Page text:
One of my favourite parts of teaching is when students find or suggest new songs for us to learn together.
A life of music is hugely rewarding and fulfilling but, like most things, can get monotonous at times if you don’t keep it fresh and new. So how do we keep music and lessons interesting?
Are you someone who really loves to sing but are afraid to sing in public?
Scales and arpeggios do seem to get a bad name for themselves and are often the unlovable part of practising.
We live in a society where we are constantly expected to grow, develop and improve. Where we are expected to reach specific standards by a certain age or timeframe and if we don’t then we are behind, failing and not good enough.
Knowing what instrument your child should learn and at what age can be a tricky decision for parents and finding the right guidance can be even more challenging.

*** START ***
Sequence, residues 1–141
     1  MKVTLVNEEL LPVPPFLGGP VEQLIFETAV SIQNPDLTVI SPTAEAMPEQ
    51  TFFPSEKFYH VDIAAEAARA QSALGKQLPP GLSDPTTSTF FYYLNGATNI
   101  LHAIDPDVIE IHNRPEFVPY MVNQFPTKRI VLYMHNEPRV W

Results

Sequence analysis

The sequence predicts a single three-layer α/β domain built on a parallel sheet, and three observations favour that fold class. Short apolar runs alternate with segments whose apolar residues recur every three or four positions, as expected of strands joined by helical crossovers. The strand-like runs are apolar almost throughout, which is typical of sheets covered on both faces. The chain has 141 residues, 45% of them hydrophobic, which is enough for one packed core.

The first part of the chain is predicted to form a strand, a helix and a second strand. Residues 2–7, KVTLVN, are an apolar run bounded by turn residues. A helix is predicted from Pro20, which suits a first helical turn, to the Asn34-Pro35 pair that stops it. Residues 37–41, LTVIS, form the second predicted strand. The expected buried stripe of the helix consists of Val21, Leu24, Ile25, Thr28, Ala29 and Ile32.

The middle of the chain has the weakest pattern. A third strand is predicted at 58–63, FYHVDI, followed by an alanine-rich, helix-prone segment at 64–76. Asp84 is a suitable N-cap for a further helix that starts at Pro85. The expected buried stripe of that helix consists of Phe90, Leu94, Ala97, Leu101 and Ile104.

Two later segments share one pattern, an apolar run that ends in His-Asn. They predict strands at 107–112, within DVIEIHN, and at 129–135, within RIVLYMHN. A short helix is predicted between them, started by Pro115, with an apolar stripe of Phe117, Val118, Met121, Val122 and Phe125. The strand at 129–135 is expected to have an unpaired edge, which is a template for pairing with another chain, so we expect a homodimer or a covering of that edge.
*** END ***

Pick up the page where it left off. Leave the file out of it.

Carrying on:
Over the last 25 years of music teaching, one of the common questions that parents ask, is how to encourage their child to practice and not quit after learning for several years.
When reflecting back on the last week of teaching, confidence was the topic that I had found myself discussing in depth with all of my students and choirs. It didn’t matter about age, gender or experience, because the challenges were all the same.
How do we help our talented piano students excel in the classroom and find their rightful place?
Check out my top tips on using video recordings in music classes and why the record button is such a powerful tool for all our music students to become self-reflective learners!